Tuesday, June 29, 2010

1991 - STAR TREK 6: THE UNDISCOVERED COUNTRY, as they say nostalgia ain't what it used to be

The final film with the original Star Trek cast is a letdown.  After five films Paramount probably saw the handwriting on the wall with diminished box office returns and a cast that was probably asking for more money with each successful film.  The studio decided to pull the plug on the series with this shoddy production.

The director of the best film in the original series (The Wrath of Kahn)  Nicholas Meyer was brought in to wrap things up.  Meyer was also co writer of the screenplay and conceived an outer space murder mystery for a plot, with Kirk and McCoy being put on trial for the death of a Klingon ambassador while Spock tries to figure who framed them.

The mystery element was new in the series which had increasingly loaded up the films with comedy.  Meyer had written a few Sherlock Holmes stories so he probably seemed like the right person to incorporate the mystery and science fiction plots.  But the mystery was really uninteresting with everyone pretty much walking around waiting for the next clue to show up.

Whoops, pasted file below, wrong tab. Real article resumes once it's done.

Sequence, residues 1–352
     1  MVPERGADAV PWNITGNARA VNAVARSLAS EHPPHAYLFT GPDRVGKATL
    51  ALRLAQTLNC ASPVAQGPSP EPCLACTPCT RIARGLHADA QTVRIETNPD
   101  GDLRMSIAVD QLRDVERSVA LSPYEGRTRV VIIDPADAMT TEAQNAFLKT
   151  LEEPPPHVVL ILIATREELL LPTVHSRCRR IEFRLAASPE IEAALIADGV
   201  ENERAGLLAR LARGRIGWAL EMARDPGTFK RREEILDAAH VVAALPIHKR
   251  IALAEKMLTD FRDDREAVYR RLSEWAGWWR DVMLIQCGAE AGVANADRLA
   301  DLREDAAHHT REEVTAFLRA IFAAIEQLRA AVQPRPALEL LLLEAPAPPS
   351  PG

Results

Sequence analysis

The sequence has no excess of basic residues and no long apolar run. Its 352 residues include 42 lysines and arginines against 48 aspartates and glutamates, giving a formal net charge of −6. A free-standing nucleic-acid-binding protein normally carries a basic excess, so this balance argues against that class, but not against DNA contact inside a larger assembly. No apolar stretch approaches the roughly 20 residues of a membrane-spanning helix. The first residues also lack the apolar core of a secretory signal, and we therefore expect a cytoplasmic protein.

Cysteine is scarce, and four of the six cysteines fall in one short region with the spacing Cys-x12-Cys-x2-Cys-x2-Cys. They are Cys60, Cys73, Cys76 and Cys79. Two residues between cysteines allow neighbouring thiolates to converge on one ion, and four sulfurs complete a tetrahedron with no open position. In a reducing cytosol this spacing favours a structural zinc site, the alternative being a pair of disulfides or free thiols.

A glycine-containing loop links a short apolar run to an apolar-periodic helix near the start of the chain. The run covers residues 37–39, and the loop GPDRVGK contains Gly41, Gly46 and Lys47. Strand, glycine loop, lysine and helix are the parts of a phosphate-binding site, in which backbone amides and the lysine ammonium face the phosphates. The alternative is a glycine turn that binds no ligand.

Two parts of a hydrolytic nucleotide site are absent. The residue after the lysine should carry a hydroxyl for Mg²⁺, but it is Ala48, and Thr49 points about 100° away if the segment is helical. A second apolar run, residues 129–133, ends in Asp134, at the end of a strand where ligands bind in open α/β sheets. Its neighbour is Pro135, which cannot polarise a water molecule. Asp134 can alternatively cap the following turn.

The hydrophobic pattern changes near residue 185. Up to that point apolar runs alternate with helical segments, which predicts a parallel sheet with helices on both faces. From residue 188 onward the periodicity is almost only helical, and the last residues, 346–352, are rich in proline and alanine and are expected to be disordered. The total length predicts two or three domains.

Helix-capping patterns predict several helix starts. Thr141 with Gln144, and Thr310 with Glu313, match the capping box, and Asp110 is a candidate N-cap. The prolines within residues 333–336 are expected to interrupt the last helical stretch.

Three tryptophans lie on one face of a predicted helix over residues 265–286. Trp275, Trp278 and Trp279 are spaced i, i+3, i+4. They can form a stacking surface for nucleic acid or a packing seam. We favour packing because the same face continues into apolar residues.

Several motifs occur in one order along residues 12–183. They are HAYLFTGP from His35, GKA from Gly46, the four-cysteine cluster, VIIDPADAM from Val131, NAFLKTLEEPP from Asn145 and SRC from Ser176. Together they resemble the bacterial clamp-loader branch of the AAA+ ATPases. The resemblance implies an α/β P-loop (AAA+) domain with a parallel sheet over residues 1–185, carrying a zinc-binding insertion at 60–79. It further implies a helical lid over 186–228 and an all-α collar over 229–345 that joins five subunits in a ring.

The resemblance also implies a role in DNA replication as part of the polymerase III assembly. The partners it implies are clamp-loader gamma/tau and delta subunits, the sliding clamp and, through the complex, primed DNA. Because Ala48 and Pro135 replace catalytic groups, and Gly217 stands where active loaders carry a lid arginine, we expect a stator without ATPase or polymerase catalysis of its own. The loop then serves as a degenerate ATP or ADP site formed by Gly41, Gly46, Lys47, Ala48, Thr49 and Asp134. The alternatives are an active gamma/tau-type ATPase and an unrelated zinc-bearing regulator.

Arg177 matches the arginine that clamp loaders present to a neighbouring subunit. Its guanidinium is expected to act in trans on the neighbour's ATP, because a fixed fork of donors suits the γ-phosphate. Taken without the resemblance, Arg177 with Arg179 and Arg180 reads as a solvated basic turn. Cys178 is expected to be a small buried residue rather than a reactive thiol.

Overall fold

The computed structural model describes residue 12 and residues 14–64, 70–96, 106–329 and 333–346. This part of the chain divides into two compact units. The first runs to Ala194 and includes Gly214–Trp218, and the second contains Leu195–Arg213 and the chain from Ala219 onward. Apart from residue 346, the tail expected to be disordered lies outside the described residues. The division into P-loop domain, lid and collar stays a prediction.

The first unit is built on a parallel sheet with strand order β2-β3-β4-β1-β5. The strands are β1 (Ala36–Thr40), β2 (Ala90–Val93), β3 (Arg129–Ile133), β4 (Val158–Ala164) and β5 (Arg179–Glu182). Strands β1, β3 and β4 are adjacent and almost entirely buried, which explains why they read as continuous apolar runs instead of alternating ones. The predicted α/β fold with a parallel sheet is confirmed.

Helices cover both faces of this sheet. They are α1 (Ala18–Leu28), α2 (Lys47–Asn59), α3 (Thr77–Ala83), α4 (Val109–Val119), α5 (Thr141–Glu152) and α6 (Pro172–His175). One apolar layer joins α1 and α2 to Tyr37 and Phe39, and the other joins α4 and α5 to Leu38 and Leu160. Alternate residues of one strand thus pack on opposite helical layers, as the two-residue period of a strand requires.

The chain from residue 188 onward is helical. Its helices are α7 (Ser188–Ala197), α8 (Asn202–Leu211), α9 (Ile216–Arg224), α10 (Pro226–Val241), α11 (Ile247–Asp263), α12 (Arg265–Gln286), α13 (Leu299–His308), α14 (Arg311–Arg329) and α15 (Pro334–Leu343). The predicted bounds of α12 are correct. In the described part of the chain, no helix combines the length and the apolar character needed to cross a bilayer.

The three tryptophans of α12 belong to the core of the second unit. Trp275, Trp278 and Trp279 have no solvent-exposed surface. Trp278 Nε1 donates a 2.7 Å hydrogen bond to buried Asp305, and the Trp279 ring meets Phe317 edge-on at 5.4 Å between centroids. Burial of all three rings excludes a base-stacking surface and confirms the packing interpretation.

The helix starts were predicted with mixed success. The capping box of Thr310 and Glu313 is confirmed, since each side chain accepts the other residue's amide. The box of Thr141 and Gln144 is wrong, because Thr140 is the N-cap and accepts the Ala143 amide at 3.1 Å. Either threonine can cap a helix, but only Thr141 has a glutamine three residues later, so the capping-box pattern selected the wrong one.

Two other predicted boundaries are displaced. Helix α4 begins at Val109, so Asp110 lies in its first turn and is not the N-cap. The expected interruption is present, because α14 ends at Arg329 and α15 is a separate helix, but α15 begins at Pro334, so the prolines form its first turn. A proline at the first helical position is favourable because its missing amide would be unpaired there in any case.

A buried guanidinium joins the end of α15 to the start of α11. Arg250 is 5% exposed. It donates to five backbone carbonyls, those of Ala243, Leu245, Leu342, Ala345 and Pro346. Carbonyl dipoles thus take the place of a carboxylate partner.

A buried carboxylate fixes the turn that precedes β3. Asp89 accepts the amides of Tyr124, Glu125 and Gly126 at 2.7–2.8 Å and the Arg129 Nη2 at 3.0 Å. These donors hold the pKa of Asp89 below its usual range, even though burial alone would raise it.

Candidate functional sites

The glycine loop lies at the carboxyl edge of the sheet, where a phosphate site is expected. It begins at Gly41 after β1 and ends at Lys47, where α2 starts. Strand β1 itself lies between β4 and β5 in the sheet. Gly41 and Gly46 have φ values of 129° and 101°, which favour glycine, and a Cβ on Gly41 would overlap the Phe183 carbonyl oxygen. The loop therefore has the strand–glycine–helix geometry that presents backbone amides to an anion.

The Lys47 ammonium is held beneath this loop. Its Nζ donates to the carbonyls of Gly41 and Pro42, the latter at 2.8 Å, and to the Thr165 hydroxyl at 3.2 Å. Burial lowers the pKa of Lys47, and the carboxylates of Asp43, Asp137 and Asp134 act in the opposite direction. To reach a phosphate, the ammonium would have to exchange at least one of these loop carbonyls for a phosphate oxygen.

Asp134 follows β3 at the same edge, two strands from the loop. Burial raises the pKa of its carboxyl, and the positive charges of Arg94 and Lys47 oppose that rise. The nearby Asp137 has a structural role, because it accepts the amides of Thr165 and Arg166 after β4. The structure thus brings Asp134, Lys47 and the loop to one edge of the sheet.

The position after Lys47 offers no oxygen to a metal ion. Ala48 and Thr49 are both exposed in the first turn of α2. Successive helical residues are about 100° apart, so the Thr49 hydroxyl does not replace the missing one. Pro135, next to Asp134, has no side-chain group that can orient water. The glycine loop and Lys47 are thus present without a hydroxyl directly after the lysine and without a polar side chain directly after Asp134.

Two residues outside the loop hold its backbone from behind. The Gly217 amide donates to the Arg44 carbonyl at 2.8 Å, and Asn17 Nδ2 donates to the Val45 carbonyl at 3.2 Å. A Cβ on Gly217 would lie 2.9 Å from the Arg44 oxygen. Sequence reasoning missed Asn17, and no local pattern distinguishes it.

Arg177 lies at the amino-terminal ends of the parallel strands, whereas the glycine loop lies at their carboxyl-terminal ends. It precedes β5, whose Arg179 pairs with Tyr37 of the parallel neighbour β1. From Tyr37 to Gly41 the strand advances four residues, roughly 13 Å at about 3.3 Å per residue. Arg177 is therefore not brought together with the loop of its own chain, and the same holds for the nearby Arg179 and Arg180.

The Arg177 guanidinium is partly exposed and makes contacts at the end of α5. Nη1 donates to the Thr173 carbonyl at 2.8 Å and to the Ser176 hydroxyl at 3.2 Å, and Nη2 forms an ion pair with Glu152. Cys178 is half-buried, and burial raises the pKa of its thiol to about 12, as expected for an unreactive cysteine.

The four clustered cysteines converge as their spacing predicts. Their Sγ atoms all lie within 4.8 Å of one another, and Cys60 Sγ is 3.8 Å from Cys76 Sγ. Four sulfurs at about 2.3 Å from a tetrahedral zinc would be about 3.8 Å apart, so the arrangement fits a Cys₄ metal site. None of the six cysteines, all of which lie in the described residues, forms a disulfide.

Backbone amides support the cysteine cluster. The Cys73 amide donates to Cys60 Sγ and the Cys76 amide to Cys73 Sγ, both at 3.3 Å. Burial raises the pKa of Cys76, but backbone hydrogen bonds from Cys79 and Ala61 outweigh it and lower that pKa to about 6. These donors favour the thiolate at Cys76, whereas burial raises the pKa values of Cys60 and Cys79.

Unfortunately by this point the oldster cast had kind of descended into a quasi hammy acting style.  If the audiences wanted to see William Shatner in full overblown expressive mode that's what he gave them.  DeForrest Kelly was equally hammy as the put upon ship's doctor and the rest of the original crew followed suit with similar broad performances.  The acting at one point was so ridiculous that Christopher Plummer showed up as a Shakespeare quoting Klingon captain attempting to match Shatner with an equally over the top performance.  The constant quoting of Shakespeare that was meant to give the story some dramatic importance got pretty stupid.

All of this might have made for an enjoyable final film but Nicholas Meyer directed the film with almost no visual style or pace.  Almost every scene is shot in medium closeups with all the interest of an episode of Dragnet. The film looks very clautrophobic for a story with spaceships flying through space.

The constant jokes about retirement and being "put out to pasture" get tiresome, and even Shatner's overblown acting style can't prop this thing up.  The reassurance of seeing the familiar characters that dates back to their first appearances in the the 1960's show is about the only thing interesting in The Undiscovered County.

A disappointing way to end the first Star Trek film series.

113 minutes.

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